The dates of seminar meetings: 07.01 and 14.01
Luck, fate, and the ambitions of ethical theory (lecturer: dr Agata Łukomska)
Ever since they posed the question of what is, essentially, a good life, Western philosophers have concentrated on the issue of making it safe from things which are not up to us. Commands of the gods, secret forces behind the events in our lives, blind urges of our bodies, irrationality of our emotional attachments – the predominant ethical tradition came to see all those factors as threats to the stability necessary for a human life worth living. The natural reaction to such a vision is placing a general demand on practical thinking: it should be such that it can shield us from the disruptive force of what we cannot control. But can there indeed be a morality immune to luck? Following some chief skeptics (Martha Nussbaum, Bernard Williams, David Wiggins, Susan Wolf, Harry Frankfurt…), we will try to take a closer look at the limits of our practical thinking.
The date of the seminar meeting: 03.03
Law and moral personhood in Dostoyevsky (lecturers: Ralph S. Weir, Mikołaj Sławkowski-Rode)
Perhaps the most famous passages from Dostoevsky’s “Brothers Karamazov” are those describing the discussion between Alyosha and Ivan surrounding the latter’s “Grand Inquisitor” parable. Here, and elsewhere in the work, a central theme is the way in which human persons experience the world of value: aesthetic, epistemic, moral, and religious. Another place where this topic comes to the fore is in the speech of the public prosecutor who asserts that ‘we possess broad, unrestrained natures… capable of contemplating at one and the same time the two abysses – the abyss above us, the abyss of the highest ideals, and the abyss below us, the abyss of the lowest and most malodorous degradation.’ This class will discuss the experience of value in “Brothers Karamazov” with reference to other literary works and moral philosophy.
The date of the seminar meeting: 17.03
Fyodor Dostoyevsky, “Brothers Karamazov”
The tragic humanism of Michel Houellebecq (lecturer: prof. Jos de Mul)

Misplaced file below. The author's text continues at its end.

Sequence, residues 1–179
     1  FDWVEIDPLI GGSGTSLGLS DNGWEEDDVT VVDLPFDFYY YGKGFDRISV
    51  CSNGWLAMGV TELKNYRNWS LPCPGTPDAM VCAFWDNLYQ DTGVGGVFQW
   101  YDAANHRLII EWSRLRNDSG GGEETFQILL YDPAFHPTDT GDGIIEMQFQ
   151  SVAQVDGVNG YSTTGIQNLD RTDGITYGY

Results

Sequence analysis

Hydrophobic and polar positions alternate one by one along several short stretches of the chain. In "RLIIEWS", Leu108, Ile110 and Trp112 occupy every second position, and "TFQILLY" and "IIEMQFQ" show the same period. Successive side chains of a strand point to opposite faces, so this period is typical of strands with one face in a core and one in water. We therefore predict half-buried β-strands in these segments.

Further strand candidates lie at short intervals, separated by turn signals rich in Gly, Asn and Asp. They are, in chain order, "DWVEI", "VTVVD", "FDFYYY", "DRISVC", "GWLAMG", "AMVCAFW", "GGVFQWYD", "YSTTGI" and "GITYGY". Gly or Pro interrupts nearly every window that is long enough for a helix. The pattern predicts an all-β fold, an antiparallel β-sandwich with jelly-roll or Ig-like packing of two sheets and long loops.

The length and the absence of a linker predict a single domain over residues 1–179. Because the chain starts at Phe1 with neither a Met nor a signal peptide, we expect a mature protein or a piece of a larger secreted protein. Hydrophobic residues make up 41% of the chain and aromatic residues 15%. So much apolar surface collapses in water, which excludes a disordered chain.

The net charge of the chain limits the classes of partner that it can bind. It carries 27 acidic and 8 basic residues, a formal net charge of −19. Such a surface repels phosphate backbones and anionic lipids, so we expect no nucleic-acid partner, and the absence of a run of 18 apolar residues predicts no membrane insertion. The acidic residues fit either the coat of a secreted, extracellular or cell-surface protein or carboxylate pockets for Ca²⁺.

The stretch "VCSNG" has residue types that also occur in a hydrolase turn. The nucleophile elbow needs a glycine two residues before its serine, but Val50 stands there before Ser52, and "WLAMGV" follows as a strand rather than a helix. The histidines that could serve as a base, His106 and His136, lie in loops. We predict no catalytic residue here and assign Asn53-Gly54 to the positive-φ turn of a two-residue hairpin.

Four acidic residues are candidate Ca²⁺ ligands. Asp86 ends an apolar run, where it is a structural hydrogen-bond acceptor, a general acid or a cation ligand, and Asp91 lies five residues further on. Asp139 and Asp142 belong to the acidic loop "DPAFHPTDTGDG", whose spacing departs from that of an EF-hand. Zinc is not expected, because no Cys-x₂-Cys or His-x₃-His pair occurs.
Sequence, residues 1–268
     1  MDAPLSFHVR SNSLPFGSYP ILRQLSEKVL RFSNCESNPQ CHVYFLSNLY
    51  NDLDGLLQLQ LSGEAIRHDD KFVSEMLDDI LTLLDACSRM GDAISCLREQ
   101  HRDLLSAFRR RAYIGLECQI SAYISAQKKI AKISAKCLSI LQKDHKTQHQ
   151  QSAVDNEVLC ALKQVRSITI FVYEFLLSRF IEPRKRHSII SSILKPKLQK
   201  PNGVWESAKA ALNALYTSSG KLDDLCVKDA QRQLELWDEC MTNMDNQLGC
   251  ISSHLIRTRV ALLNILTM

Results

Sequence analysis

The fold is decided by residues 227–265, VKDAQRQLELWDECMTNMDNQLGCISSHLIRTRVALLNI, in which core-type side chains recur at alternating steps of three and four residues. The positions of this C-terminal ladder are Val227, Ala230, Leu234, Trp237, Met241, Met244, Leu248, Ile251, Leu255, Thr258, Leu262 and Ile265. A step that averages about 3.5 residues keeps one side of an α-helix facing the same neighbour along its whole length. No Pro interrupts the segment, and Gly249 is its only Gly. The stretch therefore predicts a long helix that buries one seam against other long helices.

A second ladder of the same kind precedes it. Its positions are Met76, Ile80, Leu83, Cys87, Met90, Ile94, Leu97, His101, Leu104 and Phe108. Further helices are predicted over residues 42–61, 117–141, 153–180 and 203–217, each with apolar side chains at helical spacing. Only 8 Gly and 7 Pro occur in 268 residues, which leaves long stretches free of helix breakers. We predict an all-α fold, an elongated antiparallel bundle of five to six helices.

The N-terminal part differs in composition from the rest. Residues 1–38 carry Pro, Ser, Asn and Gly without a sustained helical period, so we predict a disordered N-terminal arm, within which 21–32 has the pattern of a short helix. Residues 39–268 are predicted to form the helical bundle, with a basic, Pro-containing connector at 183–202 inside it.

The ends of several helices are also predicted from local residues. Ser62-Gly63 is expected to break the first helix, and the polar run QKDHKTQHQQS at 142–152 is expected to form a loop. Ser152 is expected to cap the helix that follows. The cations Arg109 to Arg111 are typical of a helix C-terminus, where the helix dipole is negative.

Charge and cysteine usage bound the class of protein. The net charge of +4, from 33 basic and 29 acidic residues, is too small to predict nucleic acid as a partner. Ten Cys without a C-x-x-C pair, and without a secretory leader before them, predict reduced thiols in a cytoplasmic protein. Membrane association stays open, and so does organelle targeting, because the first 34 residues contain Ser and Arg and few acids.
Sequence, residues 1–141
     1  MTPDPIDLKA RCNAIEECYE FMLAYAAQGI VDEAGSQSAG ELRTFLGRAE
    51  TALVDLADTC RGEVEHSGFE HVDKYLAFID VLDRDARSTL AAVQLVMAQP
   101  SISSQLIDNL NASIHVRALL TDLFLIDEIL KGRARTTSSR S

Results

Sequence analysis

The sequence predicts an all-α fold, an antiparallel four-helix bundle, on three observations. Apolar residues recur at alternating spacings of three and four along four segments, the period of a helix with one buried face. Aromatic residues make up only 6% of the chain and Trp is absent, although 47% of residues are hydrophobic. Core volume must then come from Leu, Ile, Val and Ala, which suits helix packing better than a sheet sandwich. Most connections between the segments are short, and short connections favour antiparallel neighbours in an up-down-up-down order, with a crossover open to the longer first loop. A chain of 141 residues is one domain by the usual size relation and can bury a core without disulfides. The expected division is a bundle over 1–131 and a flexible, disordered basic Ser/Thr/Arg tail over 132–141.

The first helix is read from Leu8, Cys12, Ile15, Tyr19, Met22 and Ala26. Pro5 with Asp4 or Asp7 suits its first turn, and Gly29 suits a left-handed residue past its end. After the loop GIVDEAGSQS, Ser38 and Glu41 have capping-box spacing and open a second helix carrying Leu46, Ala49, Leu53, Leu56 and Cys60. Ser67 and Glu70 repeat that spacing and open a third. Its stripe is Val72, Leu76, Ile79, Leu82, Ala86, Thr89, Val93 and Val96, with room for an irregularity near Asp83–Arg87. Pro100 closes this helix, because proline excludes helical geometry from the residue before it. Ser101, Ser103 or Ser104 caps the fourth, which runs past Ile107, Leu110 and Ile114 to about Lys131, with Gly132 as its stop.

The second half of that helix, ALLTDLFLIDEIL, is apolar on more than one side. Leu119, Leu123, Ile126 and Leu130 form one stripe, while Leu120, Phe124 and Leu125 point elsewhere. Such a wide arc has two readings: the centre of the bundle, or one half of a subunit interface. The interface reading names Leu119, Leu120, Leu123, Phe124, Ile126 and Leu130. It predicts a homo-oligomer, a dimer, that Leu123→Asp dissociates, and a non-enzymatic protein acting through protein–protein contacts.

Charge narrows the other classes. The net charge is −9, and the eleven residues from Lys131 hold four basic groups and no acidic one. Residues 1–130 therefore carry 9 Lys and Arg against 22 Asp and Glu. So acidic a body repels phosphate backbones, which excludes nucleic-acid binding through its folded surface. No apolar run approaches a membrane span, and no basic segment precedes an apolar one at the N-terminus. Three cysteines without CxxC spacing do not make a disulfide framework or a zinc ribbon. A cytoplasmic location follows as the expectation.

Various authors, including Friedrich Nietzsche and George Steiner, have argued that the tragic worldview, as we find it expressed in Greek tragedy, has become an entirely incomprehensible phenomenon for (post)modern man. In the seminar I would like to discuss a radically opposing view. It will be argued that tragedy can still teach us something today, and maybe even more so now than in the many intervening centuries that separate us from her days of glory in the fifth century BCE. The tragic reveals itself once more in (post)modern society, and nowhere more clearly than in technology, the domain in which we believed the tragic had been domesticated or even eliminated. Referring to the tragic humanism in Michel Houellebecq’s novels “The Elementary Particles” and “The Possibility of an Island” it is argued that it is precisely in (post)modern (bio)technologies that we experience the rebirth of the tragic.
The date of the seminar meeting: 07.04
Michel Houellebecq, “The Elementary Particles”
Michel Houellebecq, “The Possibility of an Island”
Jos de Mul (2014). “Destiny Domesticated. The Rebirth of Tragedy Out of the Spirit of Technology”, Albany: State University of New York Press.
Invisible Man (lecturer: prof. Randall Auxier)
This session will consider whether laws and entire cultures render some persons “invisible” in the sense depicted by Ralph Ellison’s classic novel. Is it possible to be metaphysically annihilated while retaining individuality, a legal status, and playing a vital role in the economic, artistic, and religious life of a nation? Is the failure or refusal to imagine the other an imaginative act?
The date of the seminar meeting: 12.05
Ralph Ellison, “Invisible Man”
Malcolm X, “Speech before the Harvard Law School Forum”, December 16, 1964
Martin Luther King, Jr., “Love, Law, and Civil Disobedience” (Speech before the Fellowship of the Concerned, November 16, 1961)